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Cutting-Edge Technology Opens a Window on Ancient Egyptian City

ASSOCIATED PRESS

This is a typical Nile Delta farming village, its simple mud-brick houses sitting along dirt roads amid the green carpeting of rice and corn fields.

Yet there’s grandeur here--a vast, buried metropolis from millenniums ago that was discovered by German archeologists using cutting-edge imaging technology.

The exploration team believes the site is the long-lost capital of Ramses II, a mighty pharaoh who lived more than 3,200 years ago.

Working with magnetic imaging equipment used by geophysicists to search for oil, the archeologists have mapped an underground city they estimate spread over 12 square miles.

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It “is so vast and so big that there are no words to describe it,” said Edgar Pusch, head of the archeological team from the Pelizaeus Museum in Hildesheim, Germany. “Something like this has never been detected before in Egypt.”

The computer plottings produced by the team show winding streets, structures that look like small houses, spacious buildings, palaces and a lake shore in ghostly white lines on black.

Among the marvels are a huge stable with attached royal chariot and arms factories.

“This stable is an amazing thing,” Pusch said.

Covering nearly 185,000 square feet, the stable had six identical rows of halls connected to a vast courtyard. Each hall had 12 rooms, each 40 feet long. The floors sloped down to holes for collecting horse urine that Pusch speculates was used in dyeing cloth, softening leather and fertilizing vineyards.

Pusch said the stable held up to 460 horses, making it “the largest ever ancient stable.”

West of the stable is the chariotry, where light, two-wheeled war chariots were manufactured and maintained. Numerous reliefs on temple and tomb walls show such chariots pulled by two horses and ridden by two soldiers. Ramses II himself was depicted riding one.

An arms assembly line is nearby. Pusch’s team has dug up chariot parts, arrow shafts, flint arrowheads, javelin heads, daggers and bronze scales of body armor.

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The scientists dug in only a few spots, then calculated the rest of a structure’s outlines. “If we excavated all this, we would need a lifetime,” Pusch said.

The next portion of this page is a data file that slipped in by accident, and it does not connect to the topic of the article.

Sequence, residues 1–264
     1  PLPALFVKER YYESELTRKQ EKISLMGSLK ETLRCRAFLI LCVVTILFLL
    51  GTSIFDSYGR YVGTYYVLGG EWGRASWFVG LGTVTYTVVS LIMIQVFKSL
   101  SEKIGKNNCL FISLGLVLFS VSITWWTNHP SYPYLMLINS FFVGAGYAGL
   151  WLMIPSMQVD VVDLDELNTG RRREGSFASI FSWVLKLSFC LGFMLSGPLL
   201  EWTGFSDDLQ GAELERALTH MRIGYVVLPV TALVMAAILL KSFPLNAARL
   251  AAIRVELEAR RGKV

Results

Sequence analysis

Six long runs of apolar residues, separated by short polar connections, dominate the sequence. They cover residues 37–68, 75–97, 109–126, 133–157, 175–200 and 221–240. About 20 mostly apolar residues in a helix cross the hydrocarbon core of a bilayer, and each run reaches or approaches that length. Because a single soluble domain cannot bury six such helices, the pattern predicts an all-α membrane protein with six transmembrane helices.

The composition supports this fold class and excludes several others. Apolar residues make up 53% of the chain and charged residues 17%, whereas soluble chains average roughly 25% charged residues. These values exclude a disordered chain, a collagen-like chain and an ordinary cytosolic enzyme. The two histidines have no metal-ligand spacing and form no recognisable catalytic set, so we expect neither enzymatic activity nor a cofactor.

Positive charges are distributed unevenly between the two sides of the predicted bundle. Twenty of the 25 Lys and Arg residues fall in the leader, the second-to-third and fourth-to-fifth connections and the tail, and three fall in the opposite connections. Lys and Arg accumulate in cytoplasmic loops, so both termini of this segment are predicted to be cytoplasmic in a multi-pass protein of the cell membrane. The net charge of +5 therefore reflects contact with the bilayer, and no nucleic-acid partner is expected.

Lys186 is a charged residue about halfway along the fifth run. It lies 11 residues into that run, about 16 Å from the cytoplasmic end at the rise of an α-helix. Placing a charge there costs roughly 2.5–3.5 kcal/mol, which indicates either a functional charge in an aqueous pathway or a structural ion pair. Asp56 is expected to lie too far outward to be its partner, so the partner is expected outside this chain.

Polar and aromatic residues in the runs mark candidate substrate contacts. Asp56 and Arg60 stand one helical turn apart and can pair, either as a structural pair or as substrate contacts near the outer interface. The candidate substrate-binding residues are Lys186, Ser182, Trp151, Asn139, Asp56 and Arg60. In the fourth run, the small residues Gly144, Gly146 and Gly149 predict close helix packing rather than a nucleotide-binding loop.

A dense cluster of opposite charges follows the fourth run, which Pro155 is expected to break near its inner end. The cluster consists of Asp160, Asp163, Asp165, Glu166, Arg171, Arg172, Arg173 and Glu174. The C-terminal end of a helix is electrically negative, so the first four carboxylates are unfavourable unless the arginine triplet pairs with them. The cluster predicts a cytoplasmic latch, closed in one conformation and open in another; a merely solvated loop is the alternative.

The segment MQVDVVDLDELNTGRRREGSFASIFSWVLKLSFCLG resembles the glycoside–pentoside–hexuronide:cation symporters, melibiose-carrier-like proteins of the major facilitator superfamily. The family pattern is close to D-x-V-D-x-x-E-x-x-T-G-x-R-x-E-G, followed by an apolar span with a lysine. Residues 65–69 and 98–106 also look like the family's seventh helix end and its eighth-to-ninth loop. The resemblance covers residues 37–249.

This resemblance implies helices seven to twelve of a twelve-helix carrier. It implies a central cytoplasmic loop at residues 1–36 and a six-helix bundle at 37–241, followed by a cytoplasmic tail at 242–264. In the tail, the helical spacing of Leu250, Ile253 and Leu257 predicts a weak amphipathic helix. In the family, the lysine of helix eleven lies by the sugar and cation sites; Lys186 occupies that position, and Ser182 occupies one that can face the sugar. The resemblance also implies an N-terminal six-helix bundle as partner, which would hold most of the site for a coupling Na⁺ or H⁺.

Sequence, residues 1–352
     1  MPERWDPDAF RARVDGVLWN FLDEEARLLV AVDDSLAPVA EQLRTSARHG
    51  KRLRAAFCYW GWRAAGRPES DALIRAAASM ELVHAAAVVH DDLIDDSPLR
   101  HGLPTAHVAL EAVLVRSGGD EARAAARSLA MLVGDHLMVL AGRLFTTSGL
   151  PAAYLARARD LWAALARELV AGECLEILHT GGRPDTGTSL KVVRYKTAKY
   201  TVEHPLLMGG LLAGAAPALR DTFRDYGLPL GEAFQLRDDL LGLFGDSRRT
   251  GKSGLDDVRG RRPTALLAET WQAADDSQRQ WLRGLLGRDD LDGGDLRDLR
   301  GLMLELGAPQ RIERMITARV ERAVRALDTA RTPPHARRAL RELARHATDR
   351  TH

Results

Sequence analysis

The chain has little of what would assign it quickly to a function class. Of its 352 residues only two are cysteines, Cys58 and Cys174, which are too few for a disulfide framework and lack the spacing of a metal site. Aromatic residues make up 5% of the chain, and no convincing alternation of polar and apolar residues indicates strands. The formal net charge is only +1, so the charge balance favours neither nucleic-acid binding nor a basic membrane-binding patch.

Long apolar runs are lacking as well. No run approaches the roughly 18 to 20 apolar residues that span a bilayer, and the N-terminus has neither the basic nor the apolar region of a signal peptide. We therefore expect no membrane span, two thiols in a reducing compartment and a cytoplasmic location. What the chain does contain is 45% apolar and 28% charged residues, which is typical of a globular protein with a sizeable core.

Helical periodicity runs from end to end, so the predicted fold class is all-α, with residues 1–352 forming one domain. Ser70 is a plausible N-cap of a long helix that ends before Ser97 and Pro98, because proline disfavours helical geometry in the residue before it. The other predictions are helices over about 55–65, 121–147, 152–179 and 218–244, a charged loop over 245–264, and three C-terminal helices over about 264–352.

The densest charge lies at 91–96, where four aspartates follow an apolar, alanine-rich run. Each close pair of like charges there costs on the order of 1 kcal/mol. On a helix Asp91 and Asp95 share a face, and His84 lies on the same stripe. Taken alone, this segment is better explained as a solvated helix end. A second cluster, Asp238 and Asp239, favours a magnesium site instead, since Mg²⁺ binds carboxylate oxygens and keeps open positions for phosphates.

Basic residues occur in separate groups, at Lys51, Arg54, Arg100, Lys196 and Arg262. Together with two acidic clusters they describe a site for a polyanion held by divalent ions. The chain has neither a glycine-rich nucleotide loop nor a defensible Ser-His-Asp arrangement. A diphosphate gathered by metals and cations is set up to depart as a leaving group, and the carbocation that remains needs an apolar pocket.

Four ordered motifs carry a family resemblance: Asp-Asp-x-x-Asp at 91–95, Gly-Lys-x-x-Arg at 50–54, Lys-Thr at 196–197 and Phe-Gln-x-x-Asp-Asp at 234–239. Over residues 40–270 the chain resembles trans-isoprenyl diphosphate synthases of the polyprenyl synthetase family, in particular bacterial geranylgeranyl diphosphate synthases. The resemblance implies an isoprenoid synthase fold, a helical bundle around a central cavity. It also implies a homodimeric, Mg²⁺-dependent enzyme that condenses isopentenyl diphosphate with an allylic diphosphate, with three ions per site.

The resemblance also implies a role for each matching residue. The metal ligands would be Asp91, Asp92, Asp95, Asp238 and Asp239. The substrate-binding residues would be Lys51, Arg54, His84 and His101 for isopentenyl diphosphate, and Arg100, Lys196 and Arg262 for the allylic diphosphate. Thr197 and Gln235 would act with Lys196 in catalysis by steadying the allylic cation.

For the most part, the team relies on the magnetic images to look at the ancient city.

When small areas are excavated, they are filled back in so farming can resume. Pusch said the village cannot be quarantined as a historic site.

“What could be done is to open ‘excavation windows’ in certain very interesting areas like a villa or a house,” he said.

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He also envisions a local museum to house objects dug from the site, models of the whole city and three-dimensional, computerized images reconstructing the city.

Historians know Ramses II moved ancient Egypt’s capital from the south, known as Upper Egypt, to the Nile Delta.

Pusch believes Ramses II moved the capital to Qantir to escape the powerful priests who resided in the south and also to be close to the coasts of Turkey and Syria.

“It was ideal for him and his military campaigns to have a post like this,” Pusch said.

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Some statues, texts and remains of pottery had pointed to the ancient capital’s being near the cluster of villages around Qantir, about 60 miles northeast of Cairo. Qantir had been excavated on and off since the 1920s without ever before yielding much.

Rather than dig up colossal amounts of mud and disturb farming, Pusch called on Egyptian and German geophysicists to help map the grounds using an ultra-sensitive, portable cesium magnetometer. The technique is akin to looking into a person’s chest through an X-ray image, only on a much grander scale.

Transferred to computers, the readings become lines and shapes like a blueprint of a building.

Magnetic mapping has been used for oil prospecting and military uses like detecting submarines from the air, said Helmut Becker of the Bavarian State Authority for Monument Conservation.

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A serious application to archeology has existed only since 1994, and the team working in Qantir is only the second such in the world after Austria-based experts, Becker added.

The technique is used in Qantir only a few days each year, depending on the availability of geophysicists. Since 1996 about 810,000 square feet have been covered, or one-15th of the total area, Pusch said.

“We need another 10 years to finish” the city center alone, he said.

Producing the magnetic images has so far cost more than $2 million, with most of the money provided by the German government.

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“It gives us one of the best chances to look into everyday life of ancient Egypt in an area which has not been investigated so deeply until now,” Pusch said.


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